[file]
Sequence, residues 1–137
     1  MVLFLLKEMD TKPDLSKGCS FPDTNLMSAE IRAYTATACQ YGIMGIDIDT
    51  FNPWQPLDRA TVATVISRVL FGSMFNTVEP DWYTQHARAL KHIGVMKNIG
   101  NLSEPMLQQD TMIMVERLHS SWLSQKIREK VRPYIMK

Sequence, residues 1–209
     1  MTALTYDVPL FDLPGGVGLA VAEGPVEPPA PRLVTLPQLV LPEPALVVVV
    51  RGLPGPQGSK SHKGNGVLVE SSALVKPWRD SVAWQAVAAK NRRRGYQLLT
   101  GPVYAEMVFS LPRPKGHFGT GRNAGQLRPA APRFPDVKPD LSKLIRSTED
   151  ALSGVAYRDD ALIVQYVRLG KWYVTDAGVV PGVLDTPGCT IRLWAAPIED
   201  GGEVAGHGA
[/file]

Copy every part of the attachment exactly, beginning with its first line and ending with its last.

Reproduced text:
Sequence, residues 1–137
     1  MVLFLLKEMD TKPDLSKGCS FPDTNLMSAE IRAYTATACQ YGIMGIDIDT
    51  FNPWQPLDRA TVATVISRVL FGSMFNTVEP DWYTQHARAL KHIGVMKNIG
   101  NLSEPMLQQD TMIMVERLHS SWLSQKIREK VRPYIMK

Sequence, residues 1–209
     1  MTALTYDVPL FDLPGGVGLA VAEGPVEPPA PRLVTLPQLV LPEPALVVVV
    51  RGLPGPQGSK SHKGNGVLVE SSALVKPWRD SVAWQAVAAK NRRRGYQLLT
   101  GPVYAEMVFS LPRPKGHFGT GRNAGQLRPA APRFPDVKPD LSKLIRSTED
   151  ALSGVAYRDD ALIVQYVRLG KWYVTDAGVV PGVLDTPGCT IRLWAAPIED
   201  GGEVAGHGA